Library Impact Statements. A second desirable objective is the creation of library impact statements for new academic programs and changes in existing programs: the Library remains in a reactive role in regard to new programs because there is no channel of communication to allow it to evaluate the needs of new programs in advance of their adoption, and once in place the Library is expected to fund resources for new programs from existing revenue sources. What is needed at the campus level is a formal step prior to the approval of new academic programs which would allow the Library to estimate the fiscal impact which will be created by the library needs of the new program, and a clear statement from the campus detailing the means by which these needs will be financed.

Strengthening communication between librarians and faculty members is another chief objective. Extensive communication has been necessary in planning and carrying out the serials cancellation in spring 1997 and that which must be scheduled - in the absence of assured campus funding to offset inflation - for spring 1998. But this is communication of a negative sort, designed to help library selectors do as little damage as possible through required serials cuts, and it is not as valuable as the kinds of positive communication in which faculty tell librarians in very specific terms what is needed for their research and teaching activities. Although strong communication links exist in some and perhaps many fields, there is no systematic program in the Library to assure that each organized research unit is treated in a uniform and efficacious way in surveying its Library-related needs.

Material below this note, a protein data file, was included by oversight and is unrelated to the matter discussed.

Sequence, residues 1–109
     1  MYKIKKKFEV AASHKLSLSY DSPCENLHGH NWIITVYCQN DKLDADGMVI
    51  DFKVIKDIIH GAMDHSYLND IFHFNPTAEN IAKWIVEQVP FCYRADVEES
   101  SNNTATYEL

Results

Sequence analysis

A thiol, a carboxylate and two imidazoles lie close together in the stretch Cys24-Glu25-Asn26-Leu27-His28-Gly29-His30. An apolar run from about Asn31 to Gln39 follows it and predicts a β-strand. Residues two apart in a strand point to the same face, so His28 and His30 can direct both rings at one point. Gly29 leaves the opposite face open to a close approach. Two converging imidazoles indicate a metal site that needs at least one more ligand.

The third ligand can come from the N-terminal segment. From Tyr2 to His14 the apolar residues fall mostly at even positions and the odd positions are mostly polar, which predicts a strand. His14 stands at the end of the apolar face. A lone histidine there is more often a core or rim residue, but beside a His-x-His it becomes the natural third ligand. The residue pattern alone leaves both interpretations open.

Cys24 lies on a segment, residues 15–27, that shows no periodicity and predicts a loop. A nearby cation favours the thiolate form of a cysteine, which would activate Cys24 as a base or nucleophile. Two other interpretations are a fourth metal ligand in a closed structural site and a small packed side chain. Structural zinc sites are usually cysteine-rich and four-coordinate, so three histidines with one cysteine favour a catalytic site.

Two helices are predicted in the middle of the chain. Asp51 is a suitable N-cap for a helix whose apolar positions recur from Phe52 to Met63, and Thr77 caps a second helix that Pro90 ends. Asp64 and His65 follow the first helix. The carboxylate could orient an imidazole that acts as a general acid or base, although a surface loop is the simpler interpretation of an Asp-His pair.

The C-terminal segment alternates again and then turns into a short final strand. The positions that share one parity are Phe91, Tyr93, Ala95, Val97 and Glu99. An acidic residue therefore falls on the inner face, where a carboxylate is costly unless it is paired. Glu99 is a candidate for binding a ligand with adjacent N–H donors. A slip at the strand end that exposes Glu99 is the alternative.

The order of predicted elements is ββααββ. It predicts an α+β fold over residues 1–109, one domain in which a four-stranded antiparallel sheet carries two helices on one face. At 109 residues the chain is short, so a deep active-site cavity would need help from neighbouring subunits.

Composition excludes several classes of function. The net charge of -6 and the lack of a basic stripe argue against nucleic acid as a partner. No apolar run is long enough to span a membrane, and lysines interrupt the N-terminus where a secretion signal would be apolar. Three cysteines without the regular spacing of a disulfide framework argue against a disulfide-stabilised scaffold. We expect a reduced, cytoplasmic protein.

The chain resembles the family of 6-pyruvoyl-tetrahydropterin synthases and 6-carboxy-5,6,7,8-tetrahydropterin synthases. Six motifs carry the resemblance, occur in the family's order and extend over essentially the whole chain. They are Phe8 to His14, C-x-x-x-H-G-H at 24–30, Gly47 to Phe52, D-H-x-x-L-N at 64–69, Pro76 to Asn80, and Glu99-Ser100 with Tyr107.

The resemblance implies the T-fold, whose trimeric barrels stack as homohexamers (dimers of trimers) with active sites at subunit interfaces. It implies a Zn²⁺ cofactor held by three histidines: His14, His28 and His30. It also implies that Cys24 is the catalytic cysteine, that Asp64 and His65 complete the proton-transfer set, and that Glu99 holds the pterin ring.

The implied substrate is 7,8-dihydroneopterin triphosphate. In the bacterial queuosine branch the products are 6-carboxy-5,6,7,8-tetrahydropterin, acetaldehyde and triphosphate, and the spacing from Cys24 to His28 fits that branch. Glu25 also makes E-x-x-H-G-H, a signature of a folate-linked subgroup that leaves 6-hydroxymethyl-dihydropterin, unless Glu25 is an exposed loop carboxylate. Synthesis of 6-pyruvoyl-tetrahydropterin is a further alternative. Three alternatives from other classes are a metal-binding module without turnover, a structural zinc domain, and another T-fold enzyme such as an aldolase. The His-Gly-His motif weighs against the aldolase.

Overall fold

Performance measures for library collections. Another initiative towards developing data on which differential resource allocations can be made is the development of performance measures for library collections. Through a planning grant from the Council on Library Resources, we are conducting a pilot project to develop a set of qualitative and quantitative measures for evaluating the performance and costs of research library collections and other types of information services. The purpose of this study is to develop measures that might routinely be used to allocate scarce resources. The pilot project has four major components.